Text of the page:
Most amazing of all were sign boards saying ‘smoke free breathe healthy’ all around the corner and main entrances of WSU which reflects the discipline and best policies of the college management. These are some of the very important differences that I have recorded. The teachers here are very knowledgeable, friendly and industrious. All the professors are brilliant and scholarly in their respective subjects, which could be due to the availability of resources and the system of the education based on research. The educational system here is very strict and instills everyone with the same effort for mastering their subjects. I personally feel this type of education to be very interesting and meaningful because each class I have had has helped me a lot to add another brick to the roads to reach the destination I am determined to reach.

In Nepal, thousands of bachelor’s and master’s students remain confused about what they have learned and what job they will do. To be honest, most of the government universities are not strictly run. Both students and universities’ management bodies are equally to blame for the degradation of the educational system in Nepal. Most of the students are not serious and, at the same time, they lack a set of strict educational policies or a system to keep track of students’ progress or attendance. They lack the group discussions and practical presentation sessions. They never have class quizzes and extra research reading. There is no credit system at all.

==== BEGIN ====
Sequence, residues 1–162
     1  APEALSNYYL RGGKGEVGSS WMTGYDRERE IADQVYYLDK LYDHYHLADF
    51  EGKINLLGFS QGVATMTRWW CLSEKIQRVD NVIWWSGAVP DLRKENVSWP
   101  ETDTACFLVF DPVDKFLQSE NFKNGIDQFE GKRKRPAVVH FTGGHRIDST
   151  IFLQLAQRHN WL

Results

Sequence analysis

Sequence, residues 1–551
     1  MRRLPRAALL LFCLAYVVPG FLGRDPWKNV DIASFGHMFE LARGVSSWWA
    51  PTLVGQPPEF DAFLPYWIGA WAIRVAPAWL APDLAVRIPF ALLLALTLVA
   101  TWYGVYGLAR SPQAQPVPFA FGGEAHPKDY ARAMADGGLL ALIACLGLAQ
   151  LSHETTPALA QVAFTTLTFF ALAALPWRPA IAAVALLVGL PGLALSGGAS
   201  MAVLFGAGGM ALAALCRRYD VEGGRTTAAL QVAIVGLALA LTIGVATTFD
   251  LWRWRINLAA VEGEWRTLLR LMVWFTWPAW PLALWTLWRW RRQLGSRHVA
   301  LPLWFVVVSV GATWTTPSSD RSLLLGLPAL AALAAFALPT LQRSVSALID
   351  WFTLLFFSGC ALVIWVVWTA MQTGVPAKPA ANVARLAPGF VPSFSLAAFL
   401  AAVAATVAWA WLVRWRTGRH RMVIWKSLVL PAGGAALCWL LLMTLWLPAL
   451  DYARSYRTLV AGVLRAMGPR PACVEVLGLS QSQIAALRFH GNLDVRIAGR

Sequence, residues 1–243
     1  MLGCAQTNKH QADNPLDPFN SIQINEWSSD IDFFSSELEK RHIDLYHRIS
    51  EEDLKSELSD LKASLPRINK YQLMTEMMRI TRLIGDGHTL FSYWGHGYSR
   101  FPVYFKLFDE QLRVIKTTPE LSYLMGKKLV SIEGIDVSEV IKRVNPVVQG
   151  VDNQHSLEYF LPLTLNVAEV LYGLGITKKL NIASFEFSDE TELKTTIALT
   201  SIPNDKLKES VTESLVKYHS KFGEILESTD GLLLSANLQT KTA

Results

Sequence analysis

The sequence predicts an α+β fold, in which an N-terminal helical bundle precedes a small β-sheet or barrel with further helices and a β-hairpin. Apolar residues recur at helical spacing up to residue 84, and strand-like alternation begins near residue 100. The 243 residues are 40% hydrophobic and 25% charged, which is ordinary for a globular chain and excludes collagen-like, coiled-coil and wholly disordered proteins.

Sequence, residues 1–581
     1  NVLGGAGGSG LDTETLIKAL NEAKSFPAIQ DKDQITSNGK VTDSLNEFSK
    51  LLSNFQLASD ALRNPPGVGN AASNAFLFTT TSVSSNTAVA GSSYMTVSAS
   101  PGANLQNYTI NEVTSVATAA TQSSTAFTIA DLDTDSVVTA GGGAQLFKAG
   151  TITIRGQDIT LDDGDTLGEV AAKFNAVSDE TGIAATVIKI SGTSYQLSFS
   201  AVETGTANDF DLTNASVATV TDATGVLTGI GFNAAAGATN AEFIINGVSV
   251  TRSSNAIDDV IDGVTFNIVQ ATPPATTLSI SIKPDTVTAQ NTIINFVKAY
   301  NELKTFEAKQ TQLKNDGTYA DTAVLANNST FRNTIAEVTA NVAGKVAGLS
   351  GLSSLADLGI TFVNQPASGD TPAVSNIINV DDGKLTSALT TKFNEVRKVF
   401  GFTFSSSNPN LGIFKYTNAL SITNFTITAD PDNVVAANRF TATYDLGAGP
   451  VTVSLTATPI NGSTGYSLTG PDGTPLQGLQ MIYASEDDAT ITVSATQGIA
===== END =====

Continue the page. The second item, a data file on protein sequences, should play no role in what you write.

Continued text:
In Nepal, college and university classes are based on textbook reading and note writing. I never had an experience of assignments there. A few, creative students attend teachers’ lecture classes and take notes. This is what the most responsible and brilliant students do. Levels and grades are determined by successful completion of a full year of studies with a passing grade rather than by the quality learning measured by a credit system. In Nepal, to pass each level each student has to appear for a written examination in the appointed exam center once a year. Some do it sincerely, while some cheat to pass this exam. No computers and visual experiments or research are carried out to add more meaning to the students’ studies. This could be due to poor economic status and a weak management system.